With retirement Janice began to write longer pieces and several novels were born. Janice is excited and honored to now be a part of the Tyndale Publishing House family. Accused, the first installment in her new suspense offering, The Pacific Coast Justice Series, was released February 1, 2012 and kicked off a brand new chapter in her writing career. In addition to suspense and action, her books feature strong female leads. Janice writes suspense novels designed to keep you engrossed and leave you inspired.

Where to connect with Janice:
Where to purchase Drawing Fire:
Your local Favorite bookstore

What aspect of police procedurals draw you into the story?

Monday, June 15, 2015

Interview and Giveaway: Heather Day Gilbert, Trial by Twelve

I've been a fan of Heather Day Gilbert since I read her debut novel, God's Daughter. Not only is she an amazing author, she's also an encourager to new writers. She was one of the first people to push me toward taking my writing more seriously. I'm honored to interview her about her latest release, Trial by Twelve. Heather is also giving away an ebook copy of her latest novel. Check for details at the end of the interview!

Trial by Twelve is the second in your Murder in the Mountains series. How is writing this one different than writing Miranda Warning?

Great question! Going into this one, I knew I wanted it to be shorter, so I could get more books out per year in this series. So Trial by Twelve was around 52,000 words, whereas Miranda Warning was around 82,000. I prefer the shorter length!

Since this is a series, the tricky thing was matching up timelines and making sure all the details remained consistent from one book to the next, such as ages of the characters. I also had the task of re-introducing repeat characters, which meant I had to make their backstories/connections clear for those who had never read book one, without boring readers who were already familiar with them. To do this, I sent out early reader copies specifically targeting those who hadn't read Miranda Warning yet. I was grateful most seemed to pick up on the relationships easily and follow right along with the characters, having just "met" them.

Do you put a lot of yourself into your characters? Is there any one you identify with more than others?

Ha...funny you should ask that. I think most people who read the A Murder in the Mountains mysteries and know me or my husband realize that yes...I draw a lot from our relationship (my husband happens to be a lawyer, like Thomas Spencer). And of all the characters I've written, Tess Spencer is probably the most like me, personality-wise. But she has a really messed up childhood (mine was great), she tends to plunge into dangerous situations (not like me so much), and there are several other key differences I use with her to keep her distinct and separate from me in my mind.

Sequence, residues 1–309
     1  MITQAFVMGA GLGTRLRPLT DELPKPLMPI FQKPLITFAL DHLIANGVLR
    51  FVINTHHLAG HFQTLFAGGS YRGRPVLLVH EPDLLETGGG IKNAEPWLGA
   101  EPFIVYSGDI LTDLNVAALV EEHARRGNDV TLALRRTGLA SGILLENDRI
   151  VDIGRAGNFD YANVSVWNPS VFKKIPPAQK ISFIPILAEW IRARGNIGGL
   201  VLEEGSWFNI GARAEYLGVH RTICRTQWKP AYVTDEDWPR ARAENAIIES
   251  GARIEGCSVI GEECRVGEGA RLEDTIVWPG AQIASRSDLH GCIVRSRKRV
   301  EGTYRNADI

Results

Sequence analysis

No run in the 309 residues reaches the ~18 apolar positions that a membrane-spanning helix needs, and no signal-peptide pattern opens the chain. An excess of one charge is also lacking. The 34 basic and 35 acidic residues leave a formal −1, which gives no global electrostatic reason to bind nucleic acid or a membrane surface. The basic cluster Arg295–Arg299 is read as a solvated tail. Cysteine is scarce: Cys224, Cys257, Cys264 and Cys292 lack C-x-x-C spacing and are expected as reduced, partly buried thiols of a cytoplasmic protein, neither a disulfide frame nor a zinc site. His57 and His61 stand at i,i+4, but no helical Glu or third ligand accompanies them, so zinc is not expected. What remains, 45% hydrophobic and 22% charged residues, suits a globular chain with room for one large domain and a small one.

But yes, we both enjoy coffee, video games, and our in-law bonds, among other things. :)

Your novels are very character driven. How does that make them different from other mysteries?

I think my novels seem like cozy mysteries in many ways--they are set in a small town, with an amateur sleuth, and no graphic sex/violence or cursing, and we get to know townspeople, family, and friends over time. However, they're like traditional mysteries, as well (think Hercule Poirot or Rebecca) in that the psyche of the killer is key to figuring out the villain. So people's personalities/character traits are very important to each storyline and that's why I call my mysteries "psychological" mysteries.
I had one reviewer compare my mysteries to a cross between author Lorena McCourtney's cozies and Karen Kingsbury's family-driven series. I think that's probably accurate, because I couldn't divorce the characters in this book from their family situations. Having Tess Spencer be a married main character who lives next to her in-laws was an important part of the dynamic of this series because it made it deeper and more believable.

You've done very well with indie publishing and have even written a book about it. What's the most important thing you've learned about the indie world?

I guess my best advice would be to try everything you can afford to try. You will learn what works and what doesn't work for you, and each book you publish will be better for it. Also, don't be afraid to ask people to read your book (from reviewers to advertising). You believed in that book enough to write, edit, and publish it, so stand behind it and make sure it doesn't become invisible in the sea of books on Amazon. Finally, plug in to indie groups online or follow/contact indie authors. It's their business to stay up-to-date, if they're taking it seriously.

What's coming up next for you?

Hmm! I tend to fluctuate in my day-to-day writing plans and I have no less than five series swirling in my head now. But suffice it to say I will continue to add books to my A Murder in the Mountains series (hopefully one more this year), and book 2 in my Vikings of the New World Saga, Forest Child, is also on the agenda for next year. Aside from remains to be seen! I have both Viking historical readers and contemporary mystery readers I want to try and keep "feeding" both groups as much as possible.

Thanks for letting me visit!

You can find Heather online here:
Twitter: @heatherdgilbert

GIVEAWAY: Leave a comment to enter. Be sure to include your email. One winner will receive an ebook copy of Trial by Twelve.